Interview with Lis Anna-Langston

Do you remember the first story you ever wrote?
It was a story titled He & She about the first man and woman on earth. Very sparse style of writing. About the same time I was writing a book about a girl who buys an old house and begins renovating it. As the walls come down around her, so do the walls she's built up emotionally. I also started a story that later became "The Descent" about a woman having an affair. I tossed this idea around for awhile and once I wrote it, it won 2nd Place in the Thomas Wolfe Fiction Awards.
What is your writing process?
Go deep into the madness. Come out changed. Write it all down. Edit it. Rinse. Repeat.
How do you approach cover design?
Well, I had a friend who gave me a copy of Photoshop a long time ago. Then, I had a co-worker who taught me to use it. Once I started making short films I had a limited budget. I had to wear a lot of hats. One of those was set photographer, the other was graphic designer. I had to produce all of the key art for all of my films. It made me look at what was important, what image encompassed the story. What was I trying to say or sell with a single image? I really enjoy cover design. It's one of my favorite parts of the process.
Do you remember the first story you ever read, and the impact it had on you?
I LOVED Peter and the Wolf. The little children's book that had the music by Sergei Prokofiev. OMG. I carried it EVERYWHERE. Whenever we went to someone's house I immediately asked the host where the stereo was located. I must have listened to and read the book a thousand times. Literally.

And Mary Poppins. I wanted that bag of hers. The one you could cram a house into. Yeah, that one.
What are your five favorite books, and why?
At Play in the Fields of the Lord
The Size of the World
Fight Club
The Great Gatsby
The Unbearable Lightness of Being
Different Seasons
Last Night at the Lobster

I love At Play in the Fields of the Lord because, to me, it is just a perfect book. A tale of flawed people. A deep, engaging story about digging deep for answers. I loved it the first time I read it and every time after.

The Size of the World is lush. The prose is perfect. I love how all of the stories are different but feed into one another. It was a recommendation by a friend and is now one of my favorites.

The first rule of Fight Club is that you don't talk about Fight Club.

The Great Gatsby. {Sigh} Next to Romeo and Juilet it is my favorite tale of unrequited love. F. Scott captured more than a story. He captured the feeling of an era. A hopeless love, yet so full of hope. Probably what I love most though is that it is Jay Gatsby's story but it is told by Nick.

The Unbearable Lightness of Being is such an amazing tale of how people destroy one another by pretending to love. That unbearable lightness of our being that leads people to weigh themselves down with desires that destroy. Sabine is a great character.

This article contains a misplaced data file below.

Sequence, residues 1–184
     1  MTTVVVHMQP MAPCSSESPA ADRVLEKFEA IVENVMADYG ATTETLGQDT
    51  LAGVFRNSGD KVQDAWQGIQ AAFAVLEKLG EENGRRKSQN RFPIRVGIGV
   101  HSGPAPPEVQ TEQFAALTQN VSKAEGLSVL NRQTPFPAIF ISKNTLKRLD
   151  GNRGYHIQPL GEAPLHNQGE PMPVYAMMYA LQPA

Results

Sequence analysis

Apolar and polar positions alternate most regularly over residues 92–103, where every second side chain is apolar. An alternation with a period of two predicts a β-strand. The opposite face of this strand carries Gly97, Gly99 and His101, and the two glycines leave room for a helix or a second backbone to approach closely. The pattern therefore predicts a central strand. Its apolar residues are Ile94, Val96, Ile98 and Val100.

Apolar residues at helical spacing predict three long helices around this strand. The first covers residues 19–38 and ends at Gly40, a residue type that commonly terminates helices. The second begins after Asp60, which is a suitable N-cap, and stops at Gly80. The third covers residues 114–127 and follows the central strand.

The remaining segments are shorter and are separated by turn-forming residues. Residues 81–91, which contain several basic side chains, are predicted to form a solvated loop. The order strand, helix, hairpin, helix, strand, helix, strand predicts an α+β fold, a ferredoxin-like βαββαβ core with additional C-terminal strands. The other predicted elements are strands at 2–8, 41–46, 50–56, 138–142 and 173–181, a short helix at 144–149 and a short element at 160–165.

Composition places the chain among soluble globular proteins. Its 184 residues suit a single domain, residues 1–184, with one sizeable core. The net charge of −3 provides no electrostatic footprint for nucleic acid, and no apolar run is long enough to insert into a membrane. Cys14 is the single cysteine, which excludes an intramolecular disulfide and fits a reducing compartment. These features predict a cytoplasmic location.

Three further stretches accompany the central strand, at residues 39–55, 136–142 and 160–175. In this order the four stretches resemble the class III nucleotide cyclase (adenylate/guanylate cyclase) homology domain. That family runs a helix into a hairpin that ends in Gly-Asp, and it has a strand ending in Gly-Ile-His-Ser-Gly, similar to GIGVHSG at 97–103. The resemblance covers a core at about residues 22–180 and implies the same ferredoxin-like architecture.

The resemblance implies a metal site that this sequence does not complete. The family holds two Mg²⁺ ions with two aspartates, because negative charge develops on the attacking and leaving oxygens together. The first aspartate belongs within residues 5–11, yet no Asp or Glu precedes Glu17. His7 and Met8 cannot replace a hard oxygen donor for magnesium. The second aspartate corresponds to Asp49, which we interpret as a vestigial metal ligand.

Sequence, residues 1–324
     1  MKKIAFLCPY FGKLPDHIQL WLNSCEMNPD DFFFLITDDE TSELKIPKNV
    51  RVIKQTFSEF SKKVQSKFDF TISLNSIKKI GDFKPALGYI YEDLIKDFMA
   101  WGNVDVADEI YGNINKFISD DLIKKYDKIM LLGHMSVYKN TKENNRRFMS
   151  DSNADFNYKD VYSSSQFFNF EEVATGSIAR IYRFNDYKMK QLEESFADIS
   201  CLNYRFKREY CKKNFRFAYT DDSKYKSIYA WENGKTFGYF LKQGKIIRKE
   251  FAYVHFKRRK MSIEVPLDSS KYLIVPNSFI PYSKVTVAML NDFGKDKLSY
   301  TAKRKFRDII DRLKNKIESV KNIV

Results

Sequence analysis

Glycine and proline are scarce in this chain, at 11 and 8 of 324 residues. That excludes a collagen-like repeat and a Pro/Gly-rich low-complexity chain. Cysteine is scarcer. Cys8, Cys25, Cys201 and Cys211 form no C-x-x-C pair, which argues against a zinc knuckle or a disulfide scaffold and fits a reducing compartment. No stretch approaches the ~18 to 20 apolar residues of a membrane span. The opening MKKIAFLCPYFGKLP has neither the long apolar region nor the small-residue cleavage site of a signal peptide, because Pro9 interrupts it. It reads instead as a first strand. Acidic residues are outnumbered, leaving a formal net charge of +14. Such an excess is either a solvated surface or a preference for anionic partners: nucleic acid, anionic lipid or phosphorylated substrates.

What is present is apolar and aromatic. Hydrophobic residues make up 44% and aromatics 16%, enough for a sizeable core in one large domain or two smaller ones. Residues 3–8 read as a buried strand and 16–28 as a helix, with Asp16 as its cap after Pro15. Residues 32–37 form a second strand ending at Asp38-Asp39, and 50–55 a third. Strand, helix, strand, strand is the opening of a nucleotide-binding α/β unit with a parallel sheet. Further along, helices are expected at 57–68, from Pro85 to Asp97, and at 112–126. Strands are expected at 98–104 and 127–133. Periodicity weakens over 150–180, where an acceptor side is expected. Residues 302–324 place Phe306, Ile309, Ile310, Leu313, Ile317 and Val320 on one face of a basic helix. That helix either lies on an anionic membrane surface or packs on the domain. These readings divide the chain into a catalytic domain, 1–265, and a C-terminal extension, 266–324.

Different Seasons is amazing and for Stephen King fans like me that don't necessarily read horror, I highly recommend this book with four novellas inside. It is some of the best writing you'll ever read.

Last Night at the Lobster is perfect. I read it in two sittings. The premise is simple. The last night at a Red Lobster about to close. I loved how O'Nan made us hold onto the hopes of the main character. Perfect, simple story.
What do you read for pleasure?
Everything. Poetry by Billy Collins. I am a Raymond Carver nut. I have read his entire collected works. I will read magazines and short story collections. I read labels for god's sake. I read everything, especially in-between the lines.
What is your e-reading device of choice?
I really love my Kindle. I love the ease and how I can carry something like 300 books with me everywhere I go. I also love the innovation. Kindle was a game changer.
Describe your desk
My desk is a perfect blue desk with towers of notebooks balanced precariously on the edge. And a pig and a robot and thinking putty and a cup full of pens. It's a hot mess.
Where did you grow up, and how did this influence your writing?
I grew up in the South. I grew up in Northern Mississippi and Tennessee. It influenced my writing tremendously. I grew up near Rowan Oak, the house of William Faulkner. The South is full of stories, dark and haunting, yet always with cracks, so the light can get in.
When did you first start writing?
Five years old.
What is the greatest joy of writing for you?
The greatest joy of writing to me is being so swept up in the story that even I am surprised by the twists and turns. I also love the fact that at the end of every story, there is the beginning of the next. I get to wipe the slate clean. I get to travel to new places. I find a new obsession.
What do your fans mean to you?
Fans are everything to me. They are my audience. They are the ones I entertain.
Published 2016-08-10.
Smashwords Interviews are created by the profiled author, publisher or reader.

Books by This Author

Tolstoy & the Checkout Girl
Price: $9.99 USD. Words: 48,550. Language: English. Published: October 26, 2017. Categories: Fiction » Literary collections » Female authors, Fiction » Literature » Literary
This collection of award winning short stories delves into the consequences of owning a feeling, the hard won life of growing up neglected, the complexities of roommates, dirty nickels, Tolstoy time traveling to find true love and what happens the day you find out your uncle was gunned down by police.
Tupelo Honey
Price: $9.99 USD. Words: 63,700. Language: English. Published: April 27, 2016. Categories: Fiction » Coming of age
A loveable, engaging, original voice. ~ Publishers Weekly When you read more than a hundred books per year, it’s exciting to find one that surprises you. "Tupelo Honey" by Lis Anna Langston is one of those, sneaking up quietly to bust expectations and leaves you thinking about the story long after closing the book. ~ Chanticleer Book Reviews ~